An Equality of Joy

Only hours after the passage of Hurricane Ike, every survivor left standing in the rubble understood that far more than houses had been leveled by the storm.  The body of belief about what Ike would or would not do had been dismembered.  Spirits scoured clean of emotion lay empty and desolate as Bolivar beaches.  With possessions ravaged and dreams laid waste, incomprehension was rampant.  Victims stared toward the horizon with thoughts as scattered and broken as the plywood debris fields that seemed to stretch into infinity.

Even at the time, there were victims willing to acknowledge that human factors played a role in the devastation.  Pride kept boats at unsound moorings and families in homes that were certain to be inundated.  Unfounded trust in a last-minute turn of the storm’s path led some to reject advice from wiser and more experienced folk to pack their cars and leave.  Occasionally, simple recklessness chose to gamble on the final outcome, continuing to count cards of wind and surge as though pushing back from the table would be an option if the game seemed to be getting out of hand.

But in the end, as entire communities stood looking out across the  stunning collage of broken boards,  shattered lives and shards of memory, I heard not a word of anger or recrimination directed toward another human being.   There was astonishment, stunned silence, wounded grief and despair at the depth and the breadth of  loss.  There was frustration and anxiety that could surge into panic at the slightest provocation.   From time to time there were flashes of rage against the unfairness of life, the arbitrary nature of institutional decisions and the glacial slowness of response.  But although it probably happened, I never saw one person rage directly against another.  Viewing the carnage, everyone appeared to be in agreement: there may have been wrong decisions, inadequate preparation and less than helpful responses, but in the end it was nature which had done the damage.  Before that overwhelming power, everyone was equal.

As days passed and the recovery process began, the same sense of equality seemed to permeate the air.  In a country where race, class, gender and age, ethnicity and a certain geographic tribalism are only a few of the divisional icebergs floating through our societal sea, watching great chunks of prejudice melt and fall away is a riveting sight.  At the Yacht Club where I spent my working days after the storm, the melting began early.

The first task people faced was undoing the unbelievable tangle of boats, docks, piers and debris that had been piled up by the water’s surge.  Boat owners, club administrators, staff and workers were first on the scene, followed almost immediately by  insurance adjusters, fiberglass specialists, divers, engineers, chain-saw wielding laborers, photographers and one German videographer for Deutsche Welle.  When the barge captains and crane operators arrived,  the work began in earnest.  Boats were cut free from pilings, repaired at docks, raised from the bottom, pulled apart from one another and lifted onto trucks to be taken to boneyards or repair yards as needed.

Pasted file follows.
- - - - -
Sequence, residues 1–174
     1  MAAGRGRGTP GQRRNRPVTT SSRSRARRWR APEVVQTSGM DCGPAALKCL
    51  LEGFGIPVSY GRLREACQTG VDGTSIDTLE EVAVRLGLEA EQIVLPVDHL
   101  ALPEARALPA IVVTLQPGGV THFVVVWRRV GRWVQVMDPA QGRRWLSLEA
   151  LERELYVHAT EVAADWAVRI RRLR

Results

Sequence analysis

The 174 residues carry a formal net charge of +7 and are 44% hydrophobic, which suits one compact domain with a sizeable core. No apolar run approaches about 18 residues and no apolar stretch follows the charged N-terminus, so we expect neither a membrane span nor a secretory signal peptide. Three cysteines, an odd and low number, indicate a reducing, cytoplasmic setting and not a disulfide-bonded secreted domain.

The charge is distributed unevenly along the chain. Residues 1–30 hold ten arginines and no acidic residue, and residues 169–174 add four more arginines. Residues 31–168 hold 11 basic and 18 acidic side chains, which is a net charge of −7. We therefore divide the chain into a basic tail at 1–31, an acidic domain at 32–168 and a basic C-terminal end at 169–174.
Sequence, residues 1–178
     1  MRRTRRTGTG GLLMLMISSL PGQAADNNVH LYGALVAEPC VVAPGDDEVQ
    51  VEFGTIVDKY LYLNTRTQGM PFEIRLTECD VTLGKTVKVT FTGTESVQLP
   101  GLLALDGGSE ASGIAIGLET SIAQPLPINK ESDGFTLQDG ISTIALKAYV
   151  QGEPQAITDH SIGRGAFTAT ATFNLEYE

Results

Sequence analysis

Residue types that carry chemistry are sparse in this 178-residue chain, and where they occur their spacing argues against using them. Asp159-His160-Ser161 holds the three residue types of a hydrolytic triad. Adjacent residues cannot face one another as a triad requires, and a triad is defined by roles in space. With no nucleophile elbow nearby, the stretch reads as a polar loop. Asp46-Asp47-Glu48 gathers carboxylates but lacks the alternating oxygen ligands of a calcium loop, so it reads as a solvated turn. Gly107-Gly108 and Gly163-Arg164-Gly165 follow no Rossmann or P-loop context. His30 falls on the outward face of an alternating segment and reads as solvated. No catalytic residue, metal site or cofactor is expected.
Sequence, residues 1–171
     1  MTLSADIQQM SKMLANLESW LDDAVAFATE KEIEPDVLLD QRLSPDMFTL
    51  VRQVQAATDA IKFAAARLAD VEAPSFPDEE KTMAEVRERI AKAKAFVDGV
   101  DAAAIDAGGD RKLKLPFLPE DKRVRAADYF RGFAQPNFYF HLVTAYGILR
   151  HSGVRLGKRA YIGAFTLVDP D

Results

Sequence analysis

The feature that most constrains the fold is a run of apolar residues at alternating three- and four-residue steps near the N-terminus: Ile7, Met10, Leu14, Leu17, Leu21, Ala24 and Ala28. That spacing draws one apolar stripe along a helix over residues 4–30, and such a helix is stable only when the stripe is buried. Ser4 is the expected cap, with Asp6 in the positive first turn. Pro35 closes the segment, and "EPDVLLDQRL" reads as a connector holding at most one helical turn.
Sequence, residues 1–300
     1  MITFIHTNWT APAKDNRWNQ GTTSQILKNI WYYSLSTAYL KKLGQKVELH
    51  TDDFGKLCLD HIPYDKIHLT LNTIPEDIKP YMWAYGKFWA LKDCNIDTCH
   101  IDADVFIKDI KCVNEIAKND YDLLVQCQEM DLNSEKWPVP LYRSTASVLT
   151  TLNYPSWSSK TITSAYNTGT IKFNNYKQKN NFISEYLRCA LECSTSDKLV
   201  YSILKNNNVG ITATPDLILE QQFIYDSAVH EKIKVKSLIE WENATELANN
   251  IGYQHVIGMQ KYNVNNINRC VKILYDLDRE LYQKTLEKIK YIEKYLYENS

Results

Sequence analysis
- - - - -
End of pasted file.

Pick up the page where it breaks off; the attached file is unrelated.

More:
As the crane operators and their crews went about their work, we watched what was becoming the equivalent to a weeks-long train wreck with utter fascination.  As I said at the time, “I hope never to see anything like this again.  On the other hand, since it’s happening, I’m going to look.”  It was like watching microsurgery done with enormous machinery.  The combination of delicacy and brute force was so compelling that when the hours of preparation were over and the cranes began to lift this boat or that, everything stopped.  Black truck drivers from Dallas, white businessmen from Houston, Hispanic yard workers, carpenters, accountants, fashion designing girlfriends, aging sea captains and teenaged computer geeks – everyone stopped in their tracks to watch.  As they did, all of the normal distinctions of life – class, education, race, role – simply disappeared.  People chatted with another, laughed, poured another drink, held their breath and covered their eyes,  gasping and sighing and hugging one another as the boats swung down onto truckbeds or water.

It took some time to realize what we had witnessed in those weeks was a liminal moment.  Introduced by Van Gennep, and expanded upon by anthropologist Victor Turner,  the concept of liminality refers to moments in time when old structures have broken down and new structures have yet to be built: a condition perfectly analogous to post-hurricane life.   Sherry Turkle, author of  Life on the Screen and one of the foremost apologists for cyber-life as indeterminate liminality, says that “historically, these times of change are the time of greatest cultural creativity; everything is infused with new meanings.”  Exploring Turkle and her work for Wired Online, Pamela McCorduck adds that “liminal moments are times of tension, extreme reactions and great opportunity….(they) shimmer with new possibilities.  They are painful, tough, full of hard choices – and they provoke anxiety. But they can be exhilarating.”